Let me back up and explain that in addition to my regular management duties, I’ve been functioning as a product owner for what is now our tried-and-true, in-production, legacy system. The term product owner is in the Agile context, which is roughly equivalent to a product management role.
My job is to define and prioritize the product (feature) backlog, working with other members of our management team and our customer base to define what will provide value in the product. In Agile, a product owner is also the “single, wringable neck,” the person that is responsible for the success or failure of a product. In short, I’ve been challenged with keeping our product moving forward, defining the features that will keep our product relevant in the 21st century.
One thing is certain in these situations, and that is that customers will not provide strategic insight on where you need to take your product! We’ve seen many instances where customers can and will provide small improvements to our existing product, but where to go next from a strategic standpoint? Well, that’s our problem. Or mine, as the single wringagble neck.
Some components of the vision were easy. Since I’m in the software business, it wasn’t hard to be in tune with the technology trends that were influencing other products in the market. In addition, some requests for access to our system mirrored technology direction, like Web Services and browser-based, Internet access. We needed to open up our tightly-coupled system and expose interfaces.
I’ve always read business books, and I found two in particular to be very helpful. Between these books and a little thinking on my own, I was able to craft a five-year vision for our product that was well received.
I’ll discuss two books that helped me approach this problem:
Good to Great, © 2001 by Jim Collins
The Innovator’s Solution, © 2003 by the Harvard Business School Publishing Corporation
Good to Great
From a product or services standpoint, this book outlined the “Hedgehog Concept,” meaning that for companies that want to become great, you need to ask yourself three important questions:
- What can we be the best in the world at?
- What drives our economic engine?
- What are we deeply passionate about?
If you recall, during the “dot com” boom, the notion that brick and mortar outlets were doomed to extinction. Wallgreens, as a traditional brick and mortar store was faced with significant pressure and lost 50% of their stock value.
In response, Wallgreens – who understood what truly drove their economic engine – assessed how the Internet could connect their convenience concept and profit per customer concept. Wallgreens determined that they could tie the Internet directly to their sophisticated inventory and distribution model, and ultimately to their convenience concept.
This resulted in the capability for customers to fill a prescription online, hop into their cars and drive up to a convenient (brick and mortar) drive-through window and pick up their prescription.
Great stuff! (No pun intended.)
The Innovator’s Solution
This book really lived up to its title, in my opinion. It offered a lot of great insight and perspective on the subject of innovative thinking.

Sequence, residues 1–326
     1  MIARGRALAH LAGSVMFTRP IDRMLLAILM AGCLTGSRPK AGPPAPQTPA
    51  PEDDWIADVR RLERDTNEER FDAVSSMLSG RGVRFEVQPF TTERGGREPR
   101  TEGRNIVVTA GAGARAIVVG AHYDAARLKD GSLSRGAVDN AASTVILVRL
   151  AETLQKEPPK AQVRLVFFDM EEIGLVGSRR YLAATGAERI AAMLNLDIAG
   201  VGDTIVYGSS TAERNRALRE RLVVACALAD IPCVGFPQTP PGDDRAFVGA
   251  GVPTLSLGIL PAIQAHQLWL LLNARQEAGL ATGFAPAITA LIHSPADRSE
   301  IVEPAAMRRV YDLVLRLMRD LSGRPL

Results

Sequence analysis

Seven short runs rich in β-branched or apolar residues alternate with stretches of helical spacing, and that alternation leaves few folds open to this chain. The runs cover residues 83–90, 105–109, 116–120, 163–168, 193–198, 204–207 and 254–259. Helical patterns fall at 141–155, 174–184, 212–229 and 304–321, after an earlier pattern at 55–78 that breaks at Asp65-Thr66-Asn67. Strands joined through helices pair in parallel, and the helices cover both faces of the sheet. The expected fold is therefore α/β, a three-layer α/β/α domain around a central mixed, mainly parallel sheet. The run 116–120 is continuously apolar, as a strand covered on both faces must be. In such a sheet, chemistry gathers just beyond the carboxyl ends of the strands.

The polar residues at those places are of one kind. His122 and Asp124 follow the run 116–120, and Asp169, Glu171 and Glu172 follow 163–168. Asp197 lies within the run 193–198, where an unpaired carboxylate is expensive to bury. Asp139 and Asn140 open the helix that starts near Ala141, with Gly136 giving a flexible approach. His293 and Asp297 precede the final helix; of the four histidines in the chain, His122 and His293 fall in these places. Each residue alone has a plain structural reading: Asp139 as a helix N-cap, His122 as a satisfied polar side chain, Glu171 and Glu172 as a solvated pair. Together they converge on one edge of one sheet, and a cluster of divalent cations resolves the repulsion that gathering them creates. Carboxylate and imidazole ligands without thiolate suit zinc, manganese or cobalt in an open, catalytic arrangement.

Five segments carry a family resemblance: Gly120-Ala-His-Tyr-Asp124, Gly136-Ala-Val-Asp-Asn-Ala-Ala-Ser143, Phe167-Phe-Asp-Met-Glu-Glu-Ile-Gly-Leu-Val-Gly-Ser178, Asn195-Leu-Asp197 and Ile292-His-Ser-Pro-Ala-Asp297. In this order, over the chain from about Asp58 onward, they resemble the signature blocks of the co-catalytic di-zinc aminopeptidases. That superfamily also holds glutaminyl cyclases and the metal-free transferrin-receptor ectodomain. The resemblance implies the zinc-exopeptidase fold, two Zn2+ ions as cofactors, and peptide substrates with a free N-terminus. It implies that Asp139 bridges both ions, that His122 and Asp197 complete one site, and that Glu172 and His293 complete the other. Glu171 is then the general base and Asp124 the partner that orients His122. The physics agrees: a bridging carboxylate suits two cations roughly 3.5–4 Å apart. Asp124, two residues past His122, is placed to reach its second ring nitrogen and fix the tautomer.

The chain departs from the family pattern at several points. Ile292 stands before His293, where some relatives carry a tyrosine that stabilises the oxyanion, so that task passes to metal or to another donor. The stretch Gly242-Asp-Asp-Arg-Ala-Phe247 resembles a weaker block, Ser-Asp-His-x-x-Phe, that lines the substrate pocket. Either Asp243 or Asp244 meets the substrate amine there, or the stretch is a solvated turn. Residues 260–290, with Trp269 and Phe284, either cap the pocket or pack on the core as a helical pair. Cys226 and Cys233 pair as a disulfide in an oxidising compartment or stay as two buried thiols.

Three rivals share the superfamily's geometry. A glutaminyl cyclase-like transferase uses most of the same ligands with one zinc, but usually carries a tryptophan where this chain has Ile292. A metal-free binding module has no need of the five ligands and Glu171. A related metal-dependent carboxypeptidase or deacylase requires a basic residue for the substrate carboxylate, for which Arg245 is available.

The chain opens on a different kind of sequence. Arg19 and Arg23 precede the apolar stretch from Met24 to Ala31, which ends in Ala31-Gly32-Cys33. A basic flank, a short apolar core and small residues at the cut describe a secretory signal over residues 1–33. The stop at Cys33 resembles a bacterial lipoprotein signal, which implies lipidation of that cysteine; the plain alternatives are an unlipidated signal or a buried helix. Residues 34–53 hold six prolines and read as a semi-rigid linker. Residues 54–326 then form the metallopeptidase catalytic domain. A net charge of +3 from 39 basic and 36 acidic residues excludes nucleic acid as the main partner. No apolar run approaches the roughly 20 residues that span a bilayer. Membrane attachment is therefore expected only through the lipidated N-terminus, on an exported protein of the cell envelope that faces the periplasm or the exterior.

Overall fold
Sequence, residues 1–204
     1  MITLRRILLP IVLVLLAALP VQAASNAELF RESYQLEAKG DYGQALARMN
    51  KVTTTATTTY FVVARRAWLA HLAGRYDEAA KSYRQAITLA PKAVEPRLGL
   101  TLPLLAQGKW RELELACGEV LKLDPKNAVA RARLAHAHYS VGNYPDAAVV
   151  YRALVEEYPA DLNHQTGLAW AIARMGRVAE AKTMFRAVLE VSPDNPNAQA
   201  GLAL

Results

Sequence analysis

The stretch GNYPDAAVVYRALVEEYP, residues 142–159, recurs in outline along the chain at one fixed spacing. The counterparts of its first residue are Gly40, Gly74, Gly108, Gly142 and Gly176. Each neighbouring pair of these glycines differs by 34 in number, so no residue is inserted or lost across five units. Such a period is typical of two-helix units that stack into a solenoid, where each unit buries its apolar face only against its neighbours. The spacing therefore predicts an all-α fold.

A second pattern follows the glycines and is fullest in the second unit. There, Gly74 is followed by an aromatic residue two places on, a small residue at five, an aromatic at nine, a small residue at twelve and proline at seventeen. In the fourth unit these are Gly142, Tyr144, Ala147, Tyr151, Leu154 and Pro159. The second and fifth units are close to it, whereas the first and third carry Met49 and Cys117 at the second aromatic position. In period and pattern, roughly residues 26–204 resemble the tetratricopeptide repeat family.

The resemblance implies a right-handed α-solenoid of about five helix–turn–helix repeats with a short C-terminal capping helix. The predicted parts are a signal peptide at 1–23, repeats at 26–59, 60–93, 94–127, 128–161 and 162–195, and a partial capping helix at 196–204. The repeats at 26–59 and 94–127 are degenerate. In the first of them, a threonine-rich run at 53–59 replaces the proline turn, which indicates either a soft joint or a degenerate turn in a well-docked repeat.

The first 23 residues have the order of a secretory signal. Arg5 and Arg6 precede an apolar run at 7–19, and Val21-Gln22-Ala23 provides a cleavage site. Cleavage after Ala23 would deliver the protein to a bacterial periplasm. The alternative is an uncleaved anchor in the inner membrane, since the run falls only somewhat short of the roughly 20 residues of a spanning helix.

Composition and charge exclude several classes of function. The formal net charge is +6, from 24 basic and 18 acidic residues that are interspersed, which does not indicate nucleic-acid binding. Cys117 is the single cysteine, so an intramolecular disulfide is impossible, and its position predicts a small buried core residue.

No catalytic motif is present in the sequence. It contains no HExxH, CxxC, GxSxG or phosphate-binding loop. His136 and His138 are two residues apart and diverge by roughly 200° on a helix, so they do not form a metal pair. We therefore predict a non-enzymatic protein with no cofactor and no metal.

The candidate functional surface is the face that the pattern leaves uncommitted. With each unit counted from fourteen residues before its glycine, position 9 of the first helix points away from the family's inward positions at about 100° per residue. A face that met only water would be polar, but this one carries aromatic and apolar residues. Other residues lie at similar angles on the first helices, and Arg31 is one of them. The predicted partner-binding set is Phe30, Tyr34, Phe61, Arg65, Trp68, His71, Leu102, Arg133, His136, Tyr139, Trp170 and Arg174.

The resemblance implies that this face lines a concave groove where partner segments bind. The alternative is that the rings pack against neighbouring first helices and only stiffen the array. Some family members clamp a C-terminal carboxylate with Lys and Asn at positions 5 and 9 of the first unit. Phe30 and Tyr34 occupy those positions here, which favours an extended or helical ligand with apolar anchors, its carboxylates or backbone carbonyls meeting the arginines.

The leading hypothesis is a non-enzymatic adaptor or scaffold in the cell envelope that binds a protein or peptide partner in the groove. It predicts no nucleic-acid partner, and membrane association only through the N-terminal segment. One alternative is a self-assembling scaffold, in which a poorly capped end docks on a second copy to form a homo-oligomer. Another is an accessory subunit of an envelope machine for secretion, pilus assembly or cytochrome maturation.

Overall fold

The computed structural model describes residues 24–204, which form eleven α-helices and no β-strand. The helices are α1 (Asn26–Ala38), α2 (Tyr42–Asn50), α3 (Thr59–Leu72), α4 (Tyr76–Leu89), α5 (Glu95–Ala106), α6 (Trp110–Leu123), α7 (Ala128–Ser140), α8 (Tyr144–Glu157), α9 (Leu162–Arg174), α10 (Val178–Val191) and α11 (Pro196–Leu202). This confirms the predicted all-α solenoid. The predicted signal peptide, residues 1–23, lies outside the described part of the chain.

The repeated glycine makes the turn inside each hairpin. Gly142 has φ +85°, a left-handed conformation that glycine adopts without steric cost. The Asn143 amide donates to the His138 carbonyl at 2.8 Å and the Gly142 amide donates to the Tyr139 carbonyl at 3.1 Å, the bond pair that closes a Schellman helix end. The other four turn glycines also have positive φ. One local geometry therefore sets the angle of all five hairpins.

First, when it comes to shaping a product or service geared towards a customer perspective, some really great advice that I took from this book:
- Customers “hire” products to do specific “jobs.” Translation: A new product will succeed if it helps customers accomplish something more effectively and conveniently than what they are already trying to do. You should not force customers to “change jobs” just because your new product is available. If they weren’t trying to solve that problem before, they won’t change to solve that problem now.
- Consider and target the circumstances that customers find themselves in, rather the targeting the customers themselves. This reinforces the point made above, but also speaks to another point about market research: Market research typically determines the size of opportunities, but does not understand the customer’s underlying circumstances, and it is the circumstances that a customer is in that are of vital importance.
Using a circumstance-based approach, it was observed that there were morning and afternoon purchasers, and each was “hiring” the milkshake for very different jobs. The morning drinkers were commuters looking for a filling, easy breakfast. The afternoon consumers were parents with kids who needed a smaller shake, small because the parents wanted the kids to still be hungry at dinner. They also didn't want the kids to take too long drinking the shake.
Getting the Juices Flowing
Each book has a lot more to offer than the snippets that I’ve provided here, and these are definitely on my recommended reading list. I took the advice of these books, considered what our company was really all about, the circumstances that our customers were in, discussed this with a variety of people – and in the end was able to craft a five year vision that everyone in our company and customer base completely agreed with.
The beauty of this approach was that I shared the notions put forth in this post with others who helped to drive our product vision. The end result is one where I cannot take credit for all of the ideas in our vision, and I'm good with that. The participation resulted in a stronger vision and greater buy-in all the way around.
Of course, now everyone wants it yesterday!